Dur­ing Breast Can­cer Aware­ness Month

North Coun­try Hospi­tal Of­fers Sim­ple Mes­sage: the Ear­lier, the Bet­ter

Stanstead Journal - - NEWS - Spe­cial col­lab­o­ra­tion, Nancy Goss, New­port, VT

North Coun­try Hospi­tal wants women in our community to know that the best pro­tec­tion against breast can­cer is early de­tec­tion. Be­sides skin can­cer, breast can­cer is the most com­monly di­ag­nosed can­cer in women. Breast can­cer is the sec­ond lead­ing cause of death in women. Each year in Ver­mont ap­prox­i­mately 494 women will be

di­ag­nosed with breast can­cer and 85 will die of the dis­ease. Breast can­cer in men is rare but it does hap­pen. There are about 2,180 men in the US that will be di­ag­nosed with breast can­cer each year.

When de­tected at its ear­li­est stages, 98 per­cent of women sur­vive breast can­cer. “The sooner it is di­ag­nosed— the eas­ier it is to treat,” said Kel­ley Goulet RTR ( M) Mam­mog­ra­phy Co­or­di­na­tor at North Coun­try Hospi­tal.

Goulet says de­tect­ing breast can­cer early gives women bet­ter treat­ment op­tions. “At the ear­li­est stage of di­ag­no­sis, treat­ment is of­ten less se­vere and less ag­gres­sive,” said Goulet.

Doc­tors rec­om­mend a base­line mam­mo­gram be­tween the ages of 35-40 and yearly screening mam­mo­grams for women start­ing at the age of 40. Women with a fam­ily his­tory of breast can­cer or other risk fac­tors may be screened even younger than 40.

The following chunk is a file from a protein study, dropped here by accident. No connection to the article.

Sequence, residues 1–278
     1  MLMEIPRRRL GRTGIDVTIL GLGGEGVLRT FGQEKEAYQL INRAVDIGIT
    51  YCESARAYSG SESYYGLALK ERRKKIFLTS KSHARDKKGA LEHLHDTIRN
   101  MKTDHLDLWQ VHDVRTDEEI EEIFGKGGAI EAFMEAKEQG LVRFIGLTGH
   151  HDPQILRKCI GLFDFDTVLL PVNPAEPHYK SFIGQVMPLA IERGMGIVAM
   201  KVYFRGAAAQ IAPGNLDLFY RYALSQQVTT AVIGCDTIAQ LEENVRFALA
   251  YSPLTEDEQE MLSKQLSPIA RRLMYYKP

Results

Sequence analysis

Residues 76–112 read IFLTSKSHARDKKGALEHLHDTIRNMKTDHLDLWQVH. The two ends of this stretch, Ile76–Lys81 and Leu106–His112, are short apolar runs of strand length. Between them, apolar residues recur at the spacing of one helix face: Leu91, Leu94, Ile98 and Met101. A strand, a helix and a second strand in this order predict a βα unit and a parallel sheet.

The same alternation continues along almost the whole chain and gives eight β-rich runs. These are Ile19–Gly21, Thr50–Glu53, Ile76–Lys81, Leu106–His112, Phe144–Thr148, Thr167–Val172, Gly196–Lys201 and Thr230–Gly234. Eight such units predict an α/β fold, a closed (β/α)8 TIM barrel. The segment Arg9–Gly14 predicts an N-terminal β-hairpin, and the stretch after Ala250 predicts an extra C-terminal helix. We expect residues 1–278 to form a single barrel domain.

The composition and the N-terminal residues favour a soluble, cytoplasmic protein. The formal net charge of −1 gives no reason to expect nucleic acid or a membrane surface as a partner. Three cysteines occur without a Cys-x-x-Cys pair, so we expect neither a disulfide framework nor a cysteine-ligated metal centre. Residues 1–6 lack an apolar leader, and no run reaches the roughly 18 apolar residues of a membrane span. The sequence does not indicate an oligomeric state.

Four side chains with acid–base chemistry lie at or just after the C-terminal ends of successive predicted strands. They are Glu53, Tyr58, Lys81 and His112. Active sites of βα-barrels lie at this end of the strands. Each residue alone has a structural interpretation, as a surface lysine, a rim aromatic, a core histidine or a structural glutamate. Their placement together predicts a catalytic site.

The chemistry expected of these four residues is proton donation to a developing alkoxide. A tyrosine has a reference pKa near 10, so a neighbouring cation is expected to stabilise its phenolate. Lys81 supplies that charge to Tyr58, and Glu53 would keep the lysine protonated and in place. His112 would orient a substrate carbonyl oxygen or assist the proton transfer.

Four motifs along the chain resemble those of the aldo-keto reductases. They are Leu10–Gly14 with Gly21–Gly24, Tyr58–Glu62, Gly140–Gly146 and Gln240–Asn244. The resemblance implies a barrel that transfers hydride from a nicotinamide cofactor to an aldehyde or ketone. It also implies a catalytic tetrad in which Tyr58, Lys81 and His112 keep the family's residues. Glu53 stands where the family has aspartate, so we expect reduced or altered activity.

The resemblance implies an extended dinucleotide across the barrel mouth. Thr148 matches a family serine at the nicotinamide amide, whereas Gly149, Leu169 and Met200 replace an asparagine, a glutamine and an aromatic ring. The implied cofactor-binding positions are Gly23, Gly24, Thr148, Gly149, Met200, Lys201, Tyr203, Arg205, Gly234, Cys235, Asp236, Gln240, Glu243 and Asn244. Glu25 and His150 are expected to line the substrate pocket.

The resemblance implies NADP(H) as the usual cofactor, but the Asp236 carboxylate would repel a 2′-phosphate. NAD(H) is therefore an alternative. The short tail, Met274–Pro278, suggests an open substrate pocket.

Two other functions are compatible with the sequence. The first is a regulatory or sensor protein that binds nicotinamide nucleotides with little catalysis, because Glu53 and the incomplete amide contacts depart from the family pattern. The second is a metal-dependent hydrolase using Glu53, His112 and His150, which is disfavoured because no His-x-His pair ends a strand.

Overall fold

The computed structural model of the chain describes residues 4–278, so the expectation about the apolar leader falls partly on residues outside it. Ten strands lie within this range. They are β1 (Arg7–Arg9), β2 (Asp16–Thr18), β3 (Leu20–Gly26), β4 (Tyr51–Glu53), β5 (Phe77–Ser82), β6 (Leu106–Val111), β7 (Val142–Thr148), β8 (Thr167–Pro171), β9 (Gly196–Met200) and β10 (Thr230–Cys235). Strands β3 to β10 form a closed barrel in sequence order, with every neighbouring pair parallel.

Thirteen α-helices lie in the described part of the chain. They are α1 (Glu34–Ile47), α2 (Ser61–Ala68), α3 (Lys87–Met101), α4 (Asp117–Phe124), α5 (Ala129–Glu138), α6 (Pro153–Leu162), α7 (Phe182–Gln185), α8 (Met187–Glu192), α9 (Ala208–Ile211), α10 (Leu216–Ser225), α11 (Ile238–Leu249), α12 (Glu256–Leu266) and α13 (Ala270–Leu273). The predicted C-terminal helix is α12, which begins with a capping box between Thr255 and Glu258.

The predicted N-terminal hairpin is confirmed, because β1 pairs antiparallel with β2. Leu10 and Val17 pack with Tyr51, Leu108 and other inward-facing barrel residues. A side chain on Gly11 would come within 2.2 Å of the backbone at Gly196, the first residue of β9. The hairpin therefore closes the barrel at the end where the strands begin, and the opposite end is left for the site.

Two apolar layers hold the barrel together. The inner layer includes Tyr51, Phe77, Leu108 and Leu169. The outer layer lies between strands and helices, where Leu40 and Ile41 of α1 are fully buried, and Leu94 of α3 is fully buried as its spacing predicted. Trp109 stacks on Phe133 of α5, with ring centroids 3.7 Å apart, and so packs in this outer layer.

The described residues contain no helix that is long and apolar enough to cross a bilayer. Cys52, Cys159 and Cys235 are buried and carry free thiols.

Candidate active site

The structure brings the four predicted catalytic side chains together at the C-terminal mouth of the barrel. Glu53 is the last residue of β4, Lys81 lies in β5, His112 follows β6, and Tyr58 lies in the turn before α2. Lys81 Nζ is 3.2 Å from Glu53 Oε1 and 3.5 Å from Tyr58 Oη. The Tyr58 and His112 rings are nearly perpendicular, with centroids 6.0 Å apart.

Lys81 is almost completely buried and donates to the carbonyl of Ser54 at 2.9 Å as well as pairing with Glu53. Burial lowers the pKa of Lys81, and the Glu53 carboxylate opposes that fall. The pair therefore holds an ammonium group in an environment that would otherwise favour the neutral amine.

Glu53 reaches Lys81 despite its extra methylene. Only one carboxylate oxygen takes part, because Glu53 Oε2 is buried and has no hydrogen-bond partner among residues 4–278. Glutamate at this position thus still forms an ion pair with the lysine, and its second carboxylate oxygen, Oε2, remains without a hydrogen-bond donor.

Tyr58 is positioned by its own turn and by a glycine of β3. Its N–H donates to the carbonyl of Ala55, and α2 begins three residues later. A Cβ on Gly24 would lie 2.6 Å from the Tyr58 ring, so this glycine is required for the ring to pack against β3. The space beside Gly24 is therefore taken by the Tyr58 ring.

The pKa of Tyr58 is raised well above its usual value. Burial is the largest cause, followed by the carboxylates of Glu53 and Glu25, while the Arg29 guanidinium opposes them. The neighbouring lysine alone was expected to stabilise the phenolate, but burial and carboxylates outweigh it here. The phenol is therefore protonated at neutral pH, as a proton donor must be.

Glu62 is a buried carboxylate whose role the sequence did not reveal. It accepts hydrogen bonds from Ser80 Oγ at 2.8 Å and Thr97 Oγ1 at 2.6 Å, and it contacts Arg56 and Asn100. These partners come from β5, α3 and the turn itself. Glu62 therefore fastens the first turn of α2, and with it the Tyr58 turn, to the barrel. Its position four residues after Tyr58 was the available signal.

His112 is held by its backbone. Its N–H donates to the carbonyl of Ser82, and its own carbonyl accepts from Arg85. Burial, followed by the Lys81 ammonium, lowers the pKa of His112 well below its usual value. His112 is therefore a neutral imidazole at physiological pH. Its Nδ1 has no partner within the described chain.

To in­crease aware­ness about the im­por­tance of breast can­cer screening, North Coun­try Hospi­tal is join­ing hands with Dart­mouth-Hitch­cock Nor­ris Cot­ton Can­cer Cen­ter in an aware­ness cam­paign dur­ing Oc­to­ber. It plans to dis­play ma­te­ri­als us­ing le­mons as a teach­ing aid to help women un­der­stand the signs and symp­toms of breast can­cer as well as the anatomy of the breast. “We want women to know what to look out for and un­der­stand the pros and cons of screening,” says Goulet. “These ma­te­ri­als do that.”

Breast can­cer screening re­lies on breast self-ex­ams, clin­i­cal breast ex­ams and mam­mog­ra­phy, which is con­sid­ered safe and ef­fec­tive by lead­ing or­ga­ni­za­tions.

De­cid­ing to have a mam­mo­gram is a per­sonal de­ci­sion most women make af­ter talk­ing with their health care provider. Dart­mouthHitch­cock Nor­ris Cot­ton Can­cer Cen­ter of­fers an on-line tool called “When Should I Start Hav­ing Mam­mo­grams” at www. can­cer.dart­mouth.edu. It helps women con­sider the facts be­fore they sit down to talk to their health care provider. If a woman does not have a reg­u­lar health care provider or health in­sur­ance, pro­grams in each state can help qual­i­fied in­di­vid­u­als re­ceive free screen­ings in their lo­cal community.

Mary J. Grimes, Kelly Goulet, mam­mog­ra­phy co­or­di­na­tor, Colleen Doty, Su­san Maxwell-Thomp­son, chief tech­ni­cian, and Lianne Kramer are part of the team of cer­ti­fied ra­di­ol­ogy tech­ni­cians in North Coun­try Hospi­tal’s state-of-the art dig­i­tal mam­mog­ra­phy suite.

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